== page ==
Displaying items by tag: CLF
She replaces the Norman Voyager which too was built by Visentini. The 186m ro-pax vessel last week arrived from the Mediterranean (to read more click HERE) and will be chartered to CLF for a five-year term contract. Overall she has a larger passenger deck compared to her predecessor, with a restaurant, two bars, pull-man lounges, a cinema, children's play-area, game-zone and kiosk-shop.
In addition to her 130 cabins she has five vehicle decks for 200 cars and a total 2,500 lane freight metres equating to around 110-trucks. An unusual feature is an escalator that whisks passengers from the car-decks up to the passenger deck.
Prior to the event, Celtic Horizon had arrived into the Wexford port. She had completed her maiden 'Irish' round-trip commercial voyage over the weekend from Cherbourg during stormy seas under the command of Captain Richard Collins.
Last year CLF handled 60,000 passengers and 50,000 vehicles between tourist vehicles and freight business. This year they are expecting an increase of passenger traffic of around 30%. The company are the only ferry operator running year-round sailings on the Irish –French routes.
CLF took over the Rosslare-Cherbourg route from P&O in 2005. With the Celtic Horizon they will continue providing three-round trips per week on the route which transports passengers, tourist cars, camper-vans, freight trucks including livestock and the importation of French manufactured new trade-cars.
Celtic Link Ferries are to introduce a replacement ferry on their Rosslare-Cherbourg port route later this year, writes Jehan Ashmore.
The current ship serving the route to France is a modern 26,500 tonnes ro-pax ferry Norman Voyager which entered service for Celtic Link Ferries less than two years ago. The ferry (photo) has a service speed of 22.9 knots and takes 18-hours to travel on the direct route between Ireland and France.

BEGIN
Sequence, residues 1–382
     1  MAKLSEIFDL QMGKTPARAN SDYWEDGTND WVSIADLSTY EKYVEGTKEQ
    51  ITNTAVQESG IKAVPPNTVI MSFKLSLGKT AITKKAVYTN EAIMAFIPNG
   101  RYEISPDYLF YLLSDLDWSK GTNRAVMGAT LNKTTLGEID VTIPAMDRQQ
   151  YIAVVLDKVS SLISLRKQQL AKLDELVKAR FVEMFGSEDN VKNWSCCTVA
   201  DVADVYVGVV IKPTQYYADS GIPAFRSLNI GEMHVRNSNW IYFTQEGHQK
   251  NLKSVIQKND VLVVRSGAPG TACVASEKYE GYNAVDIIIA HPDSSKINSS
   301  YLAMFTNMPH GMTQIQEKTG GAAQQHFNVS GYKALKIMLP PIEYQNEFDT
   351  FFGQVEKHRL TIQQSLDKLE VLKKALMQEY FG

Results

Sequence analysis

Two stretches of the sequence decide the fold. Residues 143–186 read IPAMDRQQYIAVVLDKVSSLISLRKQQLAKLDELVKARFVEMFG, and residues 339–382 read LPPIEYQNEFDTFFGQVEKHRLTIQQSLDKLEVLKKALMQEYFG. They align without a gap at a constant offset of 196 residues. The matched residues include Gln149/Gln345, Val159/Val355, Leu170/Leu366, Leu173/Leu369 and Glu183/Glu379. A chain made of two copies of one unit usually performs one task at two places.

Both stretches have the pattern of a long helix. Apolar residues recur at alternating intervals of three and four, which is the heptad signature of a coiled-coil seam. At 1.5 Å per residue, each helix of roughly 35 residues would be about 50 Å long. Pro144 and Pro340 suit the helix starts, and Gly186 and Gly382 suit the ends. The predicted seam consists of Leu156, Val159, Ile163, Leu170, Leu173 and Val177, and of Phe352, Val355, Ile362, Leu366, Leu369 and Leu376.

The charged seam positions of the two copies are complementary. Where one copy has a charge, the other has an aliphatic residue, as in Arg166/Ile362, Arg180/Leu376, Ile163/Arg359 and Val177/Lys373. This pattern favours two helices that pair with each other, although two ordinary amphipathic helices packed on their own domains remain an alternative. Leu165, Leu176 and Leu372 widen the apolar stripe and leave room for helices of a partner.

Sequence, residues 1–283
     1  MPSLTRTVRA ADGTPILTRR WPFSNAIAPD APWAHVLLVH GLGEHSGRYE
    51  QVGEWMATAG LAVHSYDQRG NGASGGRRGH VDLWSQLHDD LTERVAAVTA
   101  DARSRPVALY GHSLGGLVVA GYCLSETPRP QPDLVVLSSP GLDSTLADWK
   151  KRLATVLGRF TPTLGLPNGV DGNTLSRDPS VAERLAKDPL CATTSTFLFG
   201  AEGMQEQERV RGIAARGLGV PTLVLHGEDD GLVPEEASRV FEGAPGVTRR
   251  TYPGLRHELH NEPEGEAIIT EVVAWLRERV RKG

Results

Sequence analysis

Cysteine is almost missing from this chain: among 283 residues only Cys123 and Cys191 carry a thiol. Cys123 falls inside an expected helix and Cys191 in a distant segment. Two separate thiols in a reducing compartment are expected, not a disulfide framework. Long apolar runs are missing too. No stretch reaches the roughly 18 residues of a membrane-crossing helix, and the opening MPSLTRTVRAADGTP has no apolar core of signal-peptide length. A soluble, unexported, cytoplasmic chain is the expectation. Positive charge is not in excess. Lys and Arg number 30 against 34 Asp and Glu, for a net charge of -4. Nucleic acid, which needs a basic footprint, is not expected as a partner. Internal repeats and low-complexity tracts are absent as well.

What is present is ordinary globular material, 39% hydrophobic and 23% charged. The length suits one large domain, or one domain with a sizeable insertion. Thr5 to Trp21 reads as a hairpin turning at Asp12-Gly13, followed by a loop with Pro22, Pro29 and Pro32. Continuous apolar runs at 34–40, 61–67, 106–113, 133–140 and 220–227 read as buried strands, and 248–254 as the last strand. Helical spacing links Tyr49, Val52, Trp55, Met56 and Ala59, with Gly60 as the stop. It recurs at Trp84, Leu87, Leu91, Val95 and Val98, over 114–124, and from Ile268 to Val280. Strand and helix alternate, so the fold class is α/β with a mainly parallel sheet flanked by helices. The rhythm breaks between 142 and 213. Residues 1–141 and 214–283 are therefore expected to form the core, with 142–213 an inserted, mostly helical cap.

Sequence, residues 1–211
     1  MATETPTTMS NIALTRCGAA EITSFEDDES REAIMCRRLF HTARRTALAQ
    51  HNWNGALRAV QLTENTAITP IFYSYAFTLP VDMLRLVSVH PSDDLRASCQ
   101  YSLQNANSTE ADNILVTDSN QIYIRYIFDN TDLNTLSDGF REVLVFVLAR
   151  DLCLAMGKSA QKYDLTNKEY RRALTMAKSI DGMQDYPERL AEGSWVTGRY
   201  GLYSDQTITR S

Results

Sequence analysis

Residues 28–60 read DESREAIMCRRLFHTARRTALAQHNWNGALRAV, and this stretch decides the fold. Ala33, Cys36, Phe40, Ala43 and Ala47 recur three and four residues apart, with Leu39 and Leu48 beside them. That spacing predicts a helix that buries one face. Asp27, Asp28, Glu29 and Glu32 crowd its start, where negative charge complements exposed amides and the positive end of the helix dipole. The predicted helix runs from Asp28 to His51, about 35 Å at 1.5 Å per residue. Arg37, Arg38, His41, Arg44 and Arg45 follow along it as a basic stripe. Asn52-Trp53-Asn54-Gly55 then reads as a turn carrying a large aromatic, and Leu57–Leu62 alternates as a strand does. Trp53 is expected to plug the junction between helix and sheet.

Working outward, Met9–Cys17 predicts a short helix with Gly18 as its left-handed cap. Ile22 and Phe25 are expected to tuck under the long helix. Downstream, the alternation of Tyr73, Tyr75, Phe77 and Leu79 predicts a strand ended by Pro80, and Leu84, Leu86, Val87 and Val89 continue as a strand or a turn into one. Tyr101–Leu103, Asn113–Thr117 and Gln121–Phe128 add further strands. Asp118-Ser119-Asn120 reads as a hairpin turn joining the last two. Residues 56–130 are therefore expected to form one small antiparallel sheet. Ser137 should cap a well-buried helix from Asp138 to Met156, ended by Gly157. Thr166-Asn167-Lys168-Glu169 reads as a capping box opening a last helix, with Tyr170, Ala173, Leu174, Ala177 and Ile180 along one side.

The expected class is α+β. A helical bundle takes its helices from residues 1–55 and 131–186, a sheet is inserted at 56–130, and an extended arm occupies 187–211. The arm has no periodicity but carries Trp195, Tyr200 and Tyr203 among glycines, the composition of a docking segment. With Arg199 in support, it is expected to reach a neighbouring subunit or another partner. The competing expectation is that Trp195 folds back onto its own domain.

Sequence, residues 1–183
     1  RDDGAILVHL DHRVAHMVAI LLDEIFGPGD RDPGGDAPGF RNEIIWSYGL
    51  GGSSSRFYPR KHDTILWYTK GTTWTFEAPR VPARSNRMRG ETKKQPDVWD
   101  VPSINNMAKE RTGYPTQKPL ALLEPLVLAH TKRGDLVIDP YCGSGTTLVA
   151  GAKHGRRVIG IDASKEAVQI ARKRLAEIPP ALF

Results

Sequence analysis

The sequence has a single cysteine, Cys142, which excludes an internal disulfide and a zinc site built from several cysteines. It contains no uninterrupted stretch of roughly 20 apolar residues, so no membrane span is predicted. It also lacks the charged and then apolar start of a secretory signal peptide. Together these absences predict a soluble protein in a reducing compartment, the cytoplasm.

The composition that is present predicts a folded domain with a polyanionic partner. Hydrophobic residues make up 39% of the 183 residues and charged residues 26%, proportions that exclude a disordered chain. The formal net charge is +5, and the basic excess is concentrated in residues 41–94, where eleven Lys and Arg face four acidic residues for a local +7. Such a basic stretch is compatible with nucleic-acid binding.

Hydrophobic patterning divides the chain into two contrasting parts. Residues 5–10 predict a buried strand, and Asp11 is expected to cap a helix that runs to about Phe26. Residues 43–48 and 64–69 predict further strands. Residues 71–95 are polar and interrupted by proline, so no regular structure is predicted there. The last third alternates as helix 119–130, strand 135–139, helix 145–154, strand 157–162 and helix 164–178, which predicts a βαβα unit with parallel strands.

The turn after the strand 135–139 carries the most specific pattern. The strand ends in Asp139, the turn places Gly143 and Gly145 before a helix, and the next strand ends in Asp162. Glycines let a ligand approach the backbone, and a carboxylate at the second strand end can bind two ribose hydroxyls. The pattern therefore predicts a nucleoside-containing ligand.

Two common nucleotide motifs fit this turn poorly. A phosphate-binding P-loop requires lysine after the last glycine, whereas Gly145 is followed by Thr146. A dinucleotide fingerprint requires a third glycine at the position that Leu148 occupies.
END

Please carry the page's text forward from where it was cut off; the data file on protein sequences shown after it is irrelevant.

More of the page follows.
A spokesperson for the company claimed that bookings for the thrice-weekly round-trip sailings for this season are faster in uptake compared to this time last year. The Norman Voyager can take 800-passengers and 200 vehicles and facilities include 110 cabins, bar, restaurant, lounges, cinema and a shop.
The charter of Norman Voyager ceases in October and this will see the introduction of the acquired vessel on the year-round operated service. A competition is to be run and open to the public so to establish a new name for the vessel.
The new vessel the Cartour Beta (photo) is slightly larger at 27,552 tonnes and will be able to offer facilities with a wider choice of bars, restaurents and play areas. She has a speed of 25 knots, an increased passenger capacity of nearly 1,000 passengers, 800 cars or 150 freight vehicles.
Cartour Beta in the meantime operates on an Italian ferry service run by Caronte and Tourist (C&T) on two routes between Salerno to Messina and Termini Imerese in Sicily.
Externally in appearance the vessels are very similar except that the Cartour Beta has a continues superstructure that extends to surround the funnel whereas on the Norman Voyager this area is occupied by an open upper vehicle deck.
In fact the replacement vessel is more alike to Stena Line Irish Sea Ferries Belfast-Birkenhead route-ship sisters Lagan Viking and Mersey Viking. Like the Norman Voyager all these vessels are derived from a popular series built by Visentini, an Italian shipyard in Donada near Venice.
Since Celtic Link Ferries took over the route from P&O Irish Sea in 2005, the company has kept to a keenly priced policy with competition from other operators on the continental routes that also run out of Rosslare Harbour and from Cork.